Zambia largely (but not entirely) fits into the classic Southern African schedule, with the cooler, drier winter months generally reckoned to be the best time to visit Zambia on safari. Certain key highlights occur in summer, however, while you should note that the annual rains make some areas completely inaccessible.
Whether you’re looking for a single- or multi-country itinerary, it’s hard to convincingly argue against June to October being the best time to visit Zambia on safari.
Milder weather, greater accessibility and increasingly concentrated game as the dry season progresses make winter Zambia’s peak season (and bump up prices). Despite this, you’ll never feel crowded in Zambia. Even with its undeniable appeal, it doesn’t (yet) attract as many visitors as its neighbours.
During these months, the South Luangwa floods recede, enabling all parts of this wonderful game destination to be explored. As water levels drop, walking safaris become the activity of choice, and the wildlife is irresistibly drawn towards the Luangwa River, which provides the lifeblood of the valley.
The Busanga Plains in Kafue can also be visited during this rain-free window, giving you the chance to watch dense herds of puku and lechwe as they in turn watch seemingly ambivalent lion and cheetah. Perhaps the best way to get a sense of perspective on the sheer numbers of game is to take to the sky in a hot-air balloon – keeping a look out, too, for the perfect breakfast spot.
A similar process of gradual dehydration occurs in Lower Zambezi National Park, putting canoe safaris and catch-and-release tiger-fishing firmly on the agenda.
The two ends of the dry season in Liuwa Plains see Africa’s ‘other’ wildebeest migration take place – first heading northwest, then returning southeast. It’s a particularly lovely experience in May, as the peripatetic antelope traipse across a carpet of colourful flowers.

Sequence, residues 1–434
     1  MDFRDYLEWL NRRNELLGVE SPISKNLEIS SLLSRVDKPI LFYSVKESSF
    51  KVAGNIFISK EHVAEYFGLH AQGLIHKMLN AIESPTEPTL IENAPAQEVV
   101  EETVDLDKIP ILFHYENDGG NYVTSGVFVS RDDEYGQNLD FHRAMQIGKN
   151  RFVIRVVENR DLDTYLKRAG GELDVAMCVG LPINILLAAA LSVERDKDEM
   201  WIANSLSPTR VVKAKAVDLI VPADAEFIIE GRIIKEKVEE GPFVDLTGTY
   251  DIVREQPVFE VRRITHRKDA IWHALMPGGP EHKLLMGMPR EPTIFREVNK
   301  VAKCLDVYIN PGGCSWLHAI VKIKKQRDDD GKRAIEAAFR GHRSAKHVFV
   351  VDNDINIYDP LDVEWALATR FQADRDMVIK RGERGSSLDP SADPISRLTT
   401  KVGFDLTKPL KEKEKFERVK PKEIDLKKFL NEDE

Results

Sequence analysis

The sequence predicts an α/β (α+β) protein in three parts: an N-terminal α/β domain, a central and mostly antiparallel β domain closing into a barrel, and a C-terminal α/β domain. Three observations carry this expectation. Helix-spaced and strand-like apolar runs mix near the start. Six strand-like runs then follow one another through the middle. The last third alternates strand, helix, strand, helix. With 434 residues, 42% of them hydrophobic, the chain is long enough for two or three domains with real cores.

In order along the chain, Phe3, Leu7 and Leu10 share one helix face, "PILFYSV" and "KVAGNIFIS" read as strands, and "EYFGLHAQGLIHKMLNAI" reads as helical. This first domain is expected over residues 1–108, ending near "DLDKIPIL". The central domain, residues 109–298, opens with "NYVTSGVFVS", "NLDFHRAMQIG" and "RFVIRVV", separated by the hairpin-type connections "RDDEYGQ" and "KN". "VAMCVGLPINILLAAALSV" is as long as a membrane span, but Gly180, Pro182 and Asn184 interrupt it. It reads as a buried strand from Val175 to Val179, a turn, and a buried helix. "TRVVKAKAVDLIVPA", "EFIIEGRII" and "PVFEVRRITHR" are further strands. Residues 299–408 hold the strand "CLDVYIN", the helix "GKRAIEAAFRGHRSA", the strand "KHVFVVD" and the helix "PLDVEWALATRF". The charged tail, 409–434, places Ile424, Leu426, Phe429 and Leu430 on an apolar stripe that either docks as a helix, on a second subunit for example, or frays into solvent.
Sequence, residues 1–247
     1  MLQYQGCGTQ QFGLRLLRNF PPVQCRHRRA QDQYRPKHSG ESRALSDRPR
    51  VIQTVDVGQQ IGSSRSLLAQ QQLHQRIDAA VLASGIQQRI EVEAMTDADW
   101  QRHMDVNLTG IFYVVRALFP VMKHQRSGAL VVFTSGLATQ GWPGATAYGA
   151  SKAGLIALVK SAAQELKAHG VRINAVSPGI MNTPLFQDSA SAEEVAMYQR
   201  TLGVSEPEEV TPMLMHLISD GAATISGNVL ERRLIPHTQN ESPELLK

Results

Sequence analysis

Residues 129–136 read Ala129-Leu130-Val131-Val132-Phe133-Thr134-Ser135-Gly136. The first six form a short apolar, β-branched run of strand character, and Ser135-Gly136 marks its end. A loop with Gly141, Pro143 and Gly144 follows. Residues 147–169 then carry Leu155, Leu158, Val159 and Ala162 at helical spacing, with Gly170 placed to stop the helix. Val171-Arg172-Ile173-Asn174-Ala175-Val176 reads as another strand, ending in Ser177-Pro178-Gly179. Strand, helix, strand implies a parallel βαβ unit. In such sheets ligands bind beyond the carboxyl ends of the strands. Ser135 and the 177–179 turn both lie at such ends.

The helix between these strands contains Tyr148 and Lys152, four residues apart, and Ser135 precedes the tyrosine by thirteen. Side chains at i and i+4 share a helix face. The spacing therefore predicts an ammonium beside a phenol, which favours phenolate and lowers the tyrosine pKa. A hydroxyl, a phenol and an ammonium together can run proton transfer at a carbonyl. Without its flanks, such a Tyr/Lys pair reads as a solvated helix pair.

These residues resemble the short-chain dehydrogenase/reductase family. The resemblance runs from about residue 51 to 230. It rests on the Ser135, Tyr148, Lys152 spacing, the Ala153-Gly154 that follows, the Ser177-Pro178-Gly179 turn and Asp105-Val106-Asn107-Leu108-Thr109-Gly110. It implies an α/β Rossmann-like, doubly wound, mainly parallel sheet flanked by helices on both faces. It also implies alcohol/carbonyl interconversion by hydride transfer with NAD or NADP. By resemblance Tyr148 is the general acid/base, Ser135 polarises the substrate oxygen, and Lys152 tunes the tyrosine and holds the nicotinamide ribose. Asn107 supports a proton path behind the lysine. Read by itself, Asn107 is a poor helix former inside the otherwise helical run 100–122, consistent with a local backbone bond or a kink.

As the dry season progresses, the volume of water tumbling over Victoria Falls steadily reduces, meaning less spray but better gorge views – and the opportunity to indulge in a picnic on one of the seasonally-inundated upstream islands, or a daring dip in the Devil’s Pool on the lip of the falls.
BEST VALUE FOR MONEY
While our attitude to going on safari is generally ‘never say never’, even we have to concede that when the annual floods pull into certain parts of Zambia from November to April, lodge closures and adhesive roads make Kafue and parts of South Luangwa off limits.
That said, Zambia’s summer (known locally as the ‘Emerald Season’) offers great value, even fewer fellow visitors, and some unique sights that you can’t enjoy in the more popular (and more expensive) dry season. New permanent lodge openings are expanding the summer envelope, making this an ever-better time to come to Zambia on safari.
The parts of South Luangwa that are accessible entice you with better lodge rates and more flexibility on family travel and age restrictions. The rain seems to be largely nocturnal, leaving you to enjoy daytime boating on the resurgent Luangwa River and excellent chances to spot migratory birds.
Liuwa Plains is a wonderful year-round destination – visit in November to witness the end of the wildebeest migration and the Lozi people’s annual Kuomboka Festival, when their king relocates for the rainy season. The atmosphere is often electric – literally so, when the storms roll in.
Game in Lower Zambezi National Park tends to disperse as more water becomes available, but newborns, flowers and a riot of greenery add interest.
Late summer sees the swollen Victoria Falls at their most impressive, although with the falls obscured by spray, you may have to settle for the audio rather than the video.